Photo caption 1: TE Connectivity’s O.C.H. Micro Circular Connectors
Embedded electronic products may be required to work in High Altitude Low Oxygen (HALO) skydiving missions, desert sandstorms, jungle and mountain excursions, urban situations, and SCUBA dives to name a few. As new product concepts are identified for these situations, product requirements are defined and documented through close engagement with customers and end users. This involves the consideration of the environments in the wide range of use for these soldiers. Ease of use and ergonomics with full battle gear, mechanical and environmental robustness, and electrical performance and signal integrity are evaluated throughout the design process. Product testing and qualification expectations must all have definition and detailed design requirements and test procedures. Connectors must transmit the signals and data with high fidelity, charge or supply power to the connected devices effectively, they must withstand the weather and environmental conditions in rugged, tactical situations, and break-away when snagged or required to quickly release. In addition, compatibility must be proven with other suppliers to these standards.
In the product concept phase, three-dimensional models and rapid prototyping tools are used to solicit early feedback to optimize the designs. With today’s manufacturing development technology, design iterations which previously took weeks to months to produce can now occur within hours. Engineers today have the capability to quickly and accurately print functional parts to scale vs just cartoons and paper design drawings. Ultimately, after extensive design reviews, risk mitigation analysis, and product design verification testing, field trials will provide a statement of technical readiness. Furthermore, multiple component suppliers must be evaluated for performance to the design requirements and evaluated for the ability to intermate and functionally operate properly.
Companies in the video gaming industry have been pioneers in the capability to produce chips and processors that enable realistic, high-definition graphics. The cloud computing companies have developed the hardware and software with capability to process and store “big data” and produce real-time access to this information. Chipsets from the commercial or industrial world, with their cutting-edge performance, are often leveraged and introduced into military and rugged applications. But the available Commercial Off The Shelf (COTS) products are typically not initially intended to operate in rugged conditions and harsh environments. Experienced connectivity companies that serve the Aerospace and Defense industries have the expertise to design ruggedized and hardened components through the careful and proper selection of materials and the incorporation of proven design features for these environments. The materials must survive enhanced shock, vibration, and thermal conditions and be compatible with fuels, hydraulic fluids, and chemicals that can be encountered in battlefield environments.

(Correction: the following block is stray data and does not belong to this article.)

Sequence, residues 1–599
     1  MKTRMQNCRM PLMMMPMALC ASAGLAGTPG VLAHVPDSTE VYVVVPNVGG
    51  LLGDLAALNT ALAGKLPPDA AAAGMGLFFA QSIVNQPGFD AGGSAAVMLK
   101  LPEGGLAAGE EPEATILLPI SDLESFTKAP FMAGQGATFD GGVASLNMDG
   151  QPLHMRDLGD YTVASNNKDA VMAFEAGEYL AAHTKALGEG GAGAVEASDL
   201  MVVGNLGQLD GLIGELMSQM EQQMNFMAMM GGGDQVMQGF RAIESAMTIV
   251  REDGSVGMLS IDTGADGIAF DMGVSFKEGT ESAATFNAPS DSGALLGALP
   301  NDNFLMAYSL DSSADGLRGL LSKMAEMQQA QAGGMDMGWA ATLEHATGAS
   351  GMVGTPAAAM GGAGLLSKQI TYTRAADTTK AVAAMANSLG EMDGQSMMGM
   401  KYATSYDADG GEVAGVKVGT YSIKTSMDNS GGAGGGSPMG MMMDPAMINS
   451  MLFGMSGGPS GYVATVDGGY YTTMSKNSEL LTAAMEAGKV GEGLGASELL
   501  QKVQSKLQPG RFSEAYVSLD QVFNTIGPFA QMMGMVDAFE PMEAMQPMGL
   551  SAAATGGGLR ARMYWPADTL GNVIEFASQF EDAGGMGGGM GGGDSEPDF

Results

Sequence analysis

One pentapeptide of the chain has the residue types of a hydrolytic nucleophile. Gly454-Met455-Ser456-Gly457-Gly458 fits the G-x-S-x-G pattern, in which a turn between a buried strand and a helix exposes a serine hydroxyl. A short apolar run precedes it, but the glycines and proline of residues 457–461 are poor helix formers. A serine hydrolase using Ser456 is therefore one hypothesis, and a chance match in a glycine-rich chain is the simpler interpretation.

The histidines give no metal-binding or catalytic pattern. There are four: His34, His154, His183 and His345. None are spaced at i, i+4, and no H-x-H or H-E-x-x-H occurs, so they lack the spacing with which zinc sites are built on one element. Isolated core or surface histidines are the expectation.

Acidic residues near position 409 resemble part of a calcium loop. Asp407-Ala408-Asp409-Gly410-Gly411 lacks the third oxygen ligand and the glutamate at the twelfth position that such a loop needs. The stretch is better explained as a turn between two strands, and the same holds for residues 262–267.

In the age of cyber security and electronic warfare, risk mitigation in technology with systems this complex and powerful cannot be understated. Additional thoughts and considerations are relevant for this next generation of technology. The battlefield involves camouflage and deception so soldier systems must ensure secure networks and ideally use products undetectable and invulnerable to cyber-attacks and jamming. Shielded electronics and high-speed data link cables are required in these systems. Ruggedization of connectivity will enable product performance and each element in these electronic systems must be proven reliable.
In conclusion, as we admire today’s capabilities with state of the art in embedded electronics for soldier systems, it is exciting to see what is possible and available and it is reasonable to believe what seems impossible today may be part of tomorrow’s reality. The connectors, cables, and accessories for these soldier systems are available and in production, although it will be interesting to see how to provide these total system capabilities to soldiers in a reliable, affordable, lightweight and cost-effective manner. Soldier systems must be scalable to multiple diverse users, operate effectively in close proximity, and must also scale in range of operation. Hardware, system, and infrastructure costs must bring the proper value for the investment in these technologies. The connector industry is prepared to engineer solutions that meet these market needs and is currently working with the defense industry to develop solutions that will meet both current and future challenges.
About Matt McAlonis
Matt McAlonis, Engineering Manager, TE Connectivity Aerospace, Defense & Marine
With a degree in mechanical engineering, Matt has more than 23 years’ experience in the aerospace & defense and electronic computing industry. Matt holds over 35 patents in connectivity-related technology, and Black Belt certification in Lean Design for Six Sigma.